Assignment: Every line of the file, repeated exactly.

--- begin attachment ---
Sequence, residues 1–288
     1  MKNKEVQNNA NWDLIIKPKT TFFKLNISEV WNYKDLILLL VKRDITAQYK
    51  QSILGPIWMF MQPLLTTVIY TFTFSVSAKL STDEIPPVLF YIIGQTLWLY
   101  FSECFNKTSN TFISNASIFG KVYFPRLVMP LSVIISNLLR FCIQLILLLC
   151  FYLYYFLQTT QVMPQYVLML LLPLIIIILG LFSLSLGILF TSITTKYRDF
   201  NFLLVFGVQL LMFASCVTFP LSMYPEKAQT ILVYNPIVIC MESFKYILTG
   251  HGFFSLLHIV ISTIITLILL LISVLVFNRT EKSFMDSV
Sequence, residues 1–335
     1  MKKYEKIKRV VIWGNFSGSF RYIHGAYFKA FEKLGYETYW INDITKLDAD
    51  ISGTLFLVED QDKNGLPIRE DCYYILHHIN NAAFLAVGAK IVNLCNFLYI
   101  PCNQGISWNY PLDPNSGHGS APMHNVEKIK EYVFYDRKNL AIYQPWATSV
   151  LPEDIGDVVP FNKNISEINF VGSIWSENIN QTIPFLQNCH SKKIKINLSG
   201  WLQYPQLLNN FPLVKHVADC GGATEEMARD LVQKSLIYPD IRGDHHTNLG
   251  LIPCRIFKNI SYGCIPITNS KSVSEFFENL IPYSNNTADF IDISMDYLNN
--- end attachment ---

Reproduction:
Sequence, residues 1–288
     1  MKNKEVQNNA NWDLIIKPKT TFFKLNISEV WNYKDLILLL VKRDITAQYK
    51  QSILGPIWMF MQPLLTTVIY TFTFSVSAKL STDEIPPVLF YIIGQTLWLY
   101  FSECFNKTSN TFISNASIFG KVYFPRLVMP LSVIISNLLR FCIQLILLLC
   151  FYLYYFLQTT QVMPQYVLML LLPLIIIILG LFSLSLGILF TSITTKYRDF
   201  NFLLVFGVQL LMFASCVTFP LSMYPEKAQT ILVYNPIVIC MESFKYILTG
   251  HGFFSLLHIV ISTIITLILL LISVLVFNRT EKSFMDSV
Sequence, residues 1–335
     1  MKKYEKIKRV VIWGNFSGSF RYIHGAYFKA FEKLGYETYW INDITKLDAD
    51  ISGTLFLVED QDKNGLPIRE DCYYILHHIN NAAFLAVGAK IVNLCNFLYI
   101  PCNQGISWNY PLDPNSGHGS APMHNVEKIK EYVFYDRKNL AIYQPWATSV
   151  LPEDIGDVVP FNKNISEINF VGSIWSENIN QTIPFLQNCH SKKIKINLSG
   201  WLQYPQLLNN FPLVKHVADC GGATEEMARD LVQKSLIYPD IRGDHHTNLG
   251  LIPCRIFKNI SYGCIPITNS KSVSEFFENL IPYSNNTADF IDISMDYLNN